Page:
Combining the idealism of a Soviet epic with the sex and violence of the decadent West, Bertolucci's ambitious near-masterpiece, "1900," is also available from Paramount, as a Two-Disc Collector's Edition (retail $19.99), with Part One appearing on the first platter and Part Two on the second. The first half of Part One, in which Burt Lancaster portrays a wealthy Italian landowner and patriarch, and Sterling Hayden is his opposite number, so to speak, among the peasants working his land, is as magnificent and glorious a piece of filmmaking as you will ever see, with Storaro's cinematography evoking Old Master paintings and the depiction of life on the isolated estate being a worthy microcosm for the world's disparity of wealth then, now and always.
The film's brilliance dulls a bit, however, when Robert De Niro and Gerard Depardieu take over the film as the respective grandchildren of the owner and the peasant, as most of the film is then about their struggle with the rise of Fascism in Italy and its subsequent displacement by communist aspirations. The film takes an absolute dive early in the Part Two, when Donald Sutherland, playing the overseer and local Fascist official, swings a young boy around crazily and smashes the boy's head against a wall, four times. Even on subsequent viewings, when the sequence no longer turns the stomach, the whole movie seems to unravel at that point, or crack apart, actually, like the boy's skull.
Paramount has released Bertolucci's first cut of the film, with its graphic nudity intact, running 315 minutes, about an hour longer than the version released previously on home video and presented theatrically in America. It works much better than the shorter version, and Part Two, in particular, is more coherent. Sutherland's overplayed obnoxiousness, however, still disrupts the film's realism and breaks its mood to a certain extent. Depardieu is the most appealing of the three stars, but his character generally just reacts to what is going on around him, with little interior life. De Niro's character is a wet noodle, something he has never been able to play well and is at a particular loss here amidst the polyglot cast. Sanda is also featured, and is very good in some sequences and somewhat over-mannered in others, although visually, she is always transfixing.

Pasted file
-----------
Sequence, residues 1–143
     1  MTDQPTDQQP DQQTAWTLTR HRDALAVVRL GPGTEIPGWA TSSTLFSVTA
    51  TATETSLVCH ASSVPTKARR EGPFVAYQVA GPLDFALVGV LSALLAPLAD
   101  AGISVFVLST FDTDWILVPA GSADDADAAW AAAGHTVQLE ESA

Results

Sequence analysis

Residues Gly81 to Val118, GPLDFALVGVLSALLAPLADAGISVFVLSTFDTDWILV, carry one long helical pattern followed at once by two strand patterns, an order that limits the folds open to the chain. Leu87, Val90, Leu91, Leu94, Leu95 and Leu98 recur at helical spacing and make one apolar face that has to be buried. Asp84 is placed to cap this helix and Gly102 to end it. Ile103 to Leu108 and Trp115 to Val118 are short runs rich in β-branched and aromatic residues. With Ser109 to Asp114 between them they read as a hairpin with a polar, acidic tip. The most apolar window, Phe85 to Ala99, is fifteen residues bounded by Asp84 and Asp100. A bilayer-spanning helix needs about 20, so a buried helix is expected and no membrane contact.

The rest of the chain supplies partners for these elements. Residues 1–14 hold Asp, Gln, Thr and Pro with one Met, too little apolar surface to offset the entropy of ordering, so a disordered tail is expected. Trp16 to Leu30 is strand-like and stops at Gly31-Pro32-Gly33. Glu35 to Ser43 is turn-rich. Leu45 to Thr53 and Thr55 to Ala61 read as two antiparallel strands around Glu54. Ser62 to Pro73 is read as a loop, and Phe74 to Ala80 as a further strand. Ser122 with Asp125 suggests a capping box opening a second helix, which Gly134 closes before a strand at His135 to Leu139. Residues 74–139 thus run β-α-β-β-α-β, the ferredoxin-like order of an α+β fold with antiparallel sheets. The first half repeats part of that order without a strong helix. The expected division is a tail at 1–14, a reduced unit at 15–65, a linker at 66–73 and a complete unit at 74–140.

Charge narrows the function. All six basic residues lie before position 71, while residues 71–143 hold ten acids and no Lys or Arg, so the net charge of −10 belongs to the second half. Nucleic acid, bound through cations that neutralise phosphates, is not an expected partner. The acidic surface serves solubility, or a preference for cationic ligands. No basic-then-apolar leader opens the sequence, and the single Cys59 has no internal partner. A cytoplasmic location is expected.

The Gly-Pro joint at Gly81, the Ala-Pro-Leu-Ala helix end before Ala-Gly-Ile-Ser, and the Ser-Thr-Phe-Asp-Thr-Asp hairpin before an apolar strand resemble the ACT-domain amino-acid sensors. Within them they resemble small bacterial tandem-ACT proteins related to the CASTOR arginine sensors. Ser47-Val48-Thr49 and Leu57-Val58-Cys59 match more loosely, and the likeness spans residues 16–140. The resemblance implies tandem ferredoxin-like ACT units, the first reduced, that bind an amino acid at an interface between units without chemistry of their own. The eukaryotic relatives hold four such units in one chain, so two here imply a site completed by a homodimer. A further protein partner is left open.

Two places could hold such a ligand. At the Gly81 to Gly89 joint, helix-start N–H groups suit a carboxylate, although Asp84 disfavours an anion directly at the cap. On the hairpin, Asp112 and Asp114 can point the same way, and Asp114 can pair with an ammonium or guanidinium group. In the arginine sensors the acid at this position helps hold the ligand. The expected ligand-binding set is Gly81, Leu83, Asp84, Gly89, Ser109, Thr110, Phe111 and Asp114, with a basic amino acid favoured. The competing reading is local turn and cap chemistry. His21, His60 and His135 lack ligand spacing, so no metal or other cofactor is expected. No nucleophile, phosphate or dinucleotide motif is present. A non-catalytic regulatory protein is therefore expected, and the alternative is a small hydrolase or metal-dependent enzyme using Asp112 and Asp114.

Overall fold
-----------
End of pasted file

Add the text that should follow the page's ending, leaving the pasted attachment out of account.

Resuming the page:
The film, again, has no real original language. Whether you listen to the English track, the French track or the Italian track, some of the actors are dubbed, and there are times when the lip movements do not line up perfectly even when a performer is speaking his own language. Hayden and Lancaster are worth hearing in English, and Sanda's accented English matches the foreignness of her character effectively, but the bulk of the movie works best in Italian (it is how you should show it to your friends if they've never seen the film before), even though you lose a mild dimensionality in some passages from Ennio Morricone's score, because only the English track is stereophonic. The dubbing improves De Niro's flat line readings and allows you to concentrate more on his reasonably animated expressions. It also eliminates the weaknesses of Depardieu's bland English dubbing, while Sutherland, on the other hand, is more effectively subdued. There are optional English subtitles.
The picture is presented in letterboxed format only, with an aspect ratio of about 1.85:1 and an accommodation for enhanced 16:9 playback. Some darker sequences are heavily grainy, and the image is usually a little soft unless a scene is set in bright sunlight, but for the most part, the transfer is satisfying and does justice to Storaro's outstanding cinematography. Although spread over a half century, the film is structured atmospherically with a Summer, Fall, Winter, Spring motif, which also reflects the emotional lives of the characters. In any cases, each seasonal expression is beautifully executed, from warm summer colors to a de facto black and white in some of the winter scenes.
In addition to Part Two, the second platter contains 27 minutes of nice retrospective interviews with Bertolucci and Storaro. Bertolucci says that he had contemplated making a sequel, but that neither he nor Italy is that politically motivated any more, a feeling you absorb almost instinctively by the drawn out and unstirring nature of the finale.
The complete database of Doug Pratt's DVD-video reviews is available at dvdlaser.com. A sample copy of the DVD-Laser Disc Newsletter can be obtained by calling (516) 594-9304.